According to Cloudera, the Single Customer View is ‘A holistic real-time view of your individual consumers across all products, systems, devices and interaction channels in order to deliver a consistent, personalised, context specific and relevant experience.’
When we talk about single customer view internally we simplify it to ‘an aggregated representation of all relevant information known to an organisation about their customers.’
And in our Customer 360 infographic we refer to it as the ability to aggregate data from the various touchpoints that a customer uses to engage with a company, purchase products, and receive service and support.
However you define it, the key to the Single Customer View is that all relevant data you have on your customers – whether this is demographic, transactional, behavioural etc - is housed in a single place which can be accessed by anyone who needs to, so that they can get actionable insights to provide a personalised experience for that customer.
Why would I want it?
A single customer view contributes significantly to providing a seamless, consistent and meaningful connection for customers to your brand. You know them better, are better able to provide a relevant omnichannel experience, and thereby drive retention, loyalty and advocacy.
What often happens, however, is that you view your customers in a siloed way because their data is siloed. You know what they buy in store, you know what they contact your support centre for, and you know how they interact with your brand on social media. But that data doesn’t cross over – each part is just a snapshot of the whole picture.
Where you want to get to is an understanding of how each of these snapshots contribute to their entire journey with your organisation. Think of it like pieces of a puzzle. Each piece is a separate interaction or touchpoint, but once all the pieces are put together you finally see the ‘full picture’.
How do I achieve this?
Chances are you’re already collecting a lot of data about your customers that sits in silos in different areas of your organisation. Each shows a different point along the customer journey – and no-one has access to it all. This often causes frustration for customers when they deal with people from different departments that don’t have the right information to provide the most relevant service.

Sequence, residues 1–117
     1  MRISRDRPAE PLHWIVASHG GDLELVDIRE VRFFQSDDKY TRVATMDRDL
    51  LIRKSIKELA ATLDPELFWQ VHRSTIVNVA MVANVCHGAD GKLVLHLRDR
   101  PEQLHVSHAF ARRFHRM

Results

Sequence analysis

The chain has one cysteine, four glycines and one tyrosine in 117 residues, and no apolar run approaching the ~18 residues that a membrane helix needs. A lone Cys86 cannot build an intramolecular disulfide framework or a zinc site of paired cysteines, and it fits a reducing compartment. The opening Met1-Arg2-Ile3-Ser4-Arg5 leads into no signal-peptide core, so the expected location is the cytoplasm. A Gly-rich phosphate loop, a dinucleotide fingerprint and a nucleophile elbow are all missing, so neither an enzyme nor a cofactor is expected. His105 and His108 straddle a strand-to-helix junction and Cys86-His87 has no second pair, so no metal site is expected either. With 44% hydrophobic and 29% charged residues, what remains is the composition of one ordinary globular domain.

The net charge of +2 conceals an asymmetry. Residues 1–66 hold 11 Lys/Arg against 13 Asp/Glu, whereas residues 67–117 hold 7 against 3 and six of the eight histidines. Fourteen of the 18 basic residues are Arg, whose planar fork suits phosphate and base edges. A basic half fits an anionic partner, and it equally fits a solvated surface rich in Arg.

It’s an issue that faces many organisations today – whether through legacy systems, or just how the technology stack was built over time. But, no matter how segregated your data might be there are ways that it can be brought together to help you get your single customer view.
Here’s our six-step guide to help you along:
1. Understand the customer journey and define what data is important to you
You want to identify every touch point a customer has with your organisation and collect relevant data from that touchpoint. Do they interact with your social media accounts, how do they shop (and which products or services do they already purchased), do they call for support? You’ll also need to determine what data is important for you to collect to provide the best possible experience for these consumers. What data can you act on that will enable you to enhance the customer experience?
2. Identify your various data silos Next, you’ll want to find out where all that data sits in your organisation, which data points sits in which silo, who has access to it and what that data tells you about your customer. This will help you identify what is useful, if there are any double-ups, what data you don’t need, and the data gaps you need to fill.
3. Do an audit One of the biggest roadblocks we come across is data that’s ‘dirty’. This refers to data that’s been entered incorrectly - either into the wrong fields, isn’t complete, has spelling or grammar mistakes, or is missing entirely. While this may not seem like a big deal, once you start automating and relying on that data to be correct and consistent, unclean data can really trip you up.